But not just any old surgeon. On December 3, 1967, at the Groote Schuur Hospital in Cape Town, Barnard successfully transplanted the heart from a car crash victim into the body of Louis Washkansky, a terminally ill grocer.
Sadly, although the operation was successful, Washkansky was a very sick man. Eighteen days after the operation, he died of double pneumonia, contracted as a result of drugs administered to lower his immune system in a bid to lessen the chance of his body rejecting the new heart.
Barnard was born in 1922, the son of a preacher from South Africa's Great Karoo plateau. He had been studying transplant techniques since the 1950s. His bold approach sometimes upset the medical establishment but he got results.
Propelled into the international spotlight after the excitement of his pioneering operation, Barnard became a familiar figure on the jetset circuit. He met the Pope and President Johnson. A handsome man, he was often seen out on the town with the world's most beautiful women, including Sophia Loren and Gina Lollabrigida. He was married three times and had six children. Sex, he declared, kept you young.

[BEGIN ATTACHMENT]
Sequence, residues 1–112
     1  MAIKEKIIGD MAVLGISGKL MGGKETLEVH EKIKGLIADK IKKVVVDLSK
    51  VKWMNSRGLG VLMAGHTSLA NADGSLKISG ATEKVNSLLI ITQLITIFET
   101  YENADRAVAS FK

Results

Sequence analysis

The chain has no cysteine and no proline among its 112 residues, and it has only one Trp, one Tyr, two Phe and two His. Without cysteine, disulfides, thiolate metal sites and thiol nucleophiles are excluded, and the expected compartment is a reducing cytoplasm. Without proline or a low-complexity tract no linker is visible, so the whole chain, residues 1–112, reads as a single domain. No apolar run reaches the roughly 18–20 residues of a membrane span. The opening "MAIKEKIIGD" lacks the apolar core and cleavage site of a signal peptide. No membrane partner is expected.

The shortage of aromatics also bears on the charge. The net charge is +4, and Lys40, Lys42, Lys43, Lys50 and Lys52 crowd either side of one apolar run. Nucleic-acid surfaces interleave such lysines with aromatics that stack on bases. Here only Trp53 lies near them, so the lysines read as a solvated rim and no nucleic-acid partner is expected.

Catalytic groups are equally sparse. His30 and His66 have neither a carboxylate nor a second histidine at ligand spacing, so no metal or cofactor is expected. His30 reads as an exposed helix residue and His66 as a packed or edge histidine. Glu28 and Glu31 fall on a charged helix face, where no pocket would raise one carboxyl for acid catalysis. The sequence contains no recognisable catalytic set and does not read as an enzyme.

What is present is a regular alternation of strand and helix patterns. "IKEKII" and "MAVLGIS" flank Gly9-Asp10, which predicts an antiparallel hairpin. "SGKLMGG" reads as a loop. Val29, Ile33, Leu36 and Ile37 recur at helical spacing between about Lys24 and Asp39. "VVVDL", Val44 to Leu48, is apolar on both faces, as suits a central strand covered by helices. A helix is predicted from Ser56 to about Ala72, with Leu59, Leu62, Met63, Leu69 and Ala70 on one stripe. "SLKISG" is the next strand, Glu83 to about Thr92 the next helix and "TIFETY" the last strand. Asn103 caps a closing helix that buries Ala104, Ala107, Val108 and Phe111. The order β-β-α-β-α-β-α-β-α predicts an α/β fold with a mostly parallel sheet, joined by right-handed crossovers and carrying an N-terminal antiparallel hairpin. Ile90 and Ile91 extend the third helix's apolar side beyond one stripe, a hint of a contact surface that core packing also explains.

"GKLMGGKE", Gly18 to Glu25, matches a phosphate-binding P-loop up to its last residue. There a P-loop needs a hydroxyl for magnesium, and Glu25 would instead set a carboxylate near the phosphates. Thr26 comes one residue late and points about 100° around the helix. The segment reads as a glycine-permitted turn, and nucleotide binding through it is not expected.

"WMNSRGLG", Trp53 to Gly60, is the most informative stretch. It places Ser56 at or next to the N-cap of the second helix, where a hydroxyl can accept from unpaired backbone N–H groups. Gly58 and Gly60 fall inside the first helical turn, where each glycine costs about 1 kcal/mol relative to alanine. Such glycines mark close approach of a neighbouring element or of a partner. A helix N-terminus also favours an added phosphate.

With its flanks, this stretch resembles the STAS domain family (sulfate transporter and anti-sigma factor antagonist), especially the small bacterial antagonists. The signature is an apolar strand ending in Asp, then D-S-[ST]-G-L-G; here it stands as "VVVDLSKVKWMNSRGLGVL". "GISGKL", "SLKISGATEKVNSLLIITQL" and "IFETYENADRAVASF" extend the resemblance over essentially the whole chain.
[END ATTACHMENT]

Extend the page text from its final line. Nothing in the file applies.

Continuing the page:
Despite Barnard's reputation as a ladies' man, his views on the physical heart were down to earth: "For me the heart has always been an organ without any mystique attached to it ... merely a primitive pump." And partying didn't distract him from refining his techniques: by the late 1970s, a significant number of his patients were surviving several years after their transplant operations.
He was head of Groote Schur's cardiac unit until 1983. In retirement, he remained active in the medical field, researching the ageing process. He died in 2001.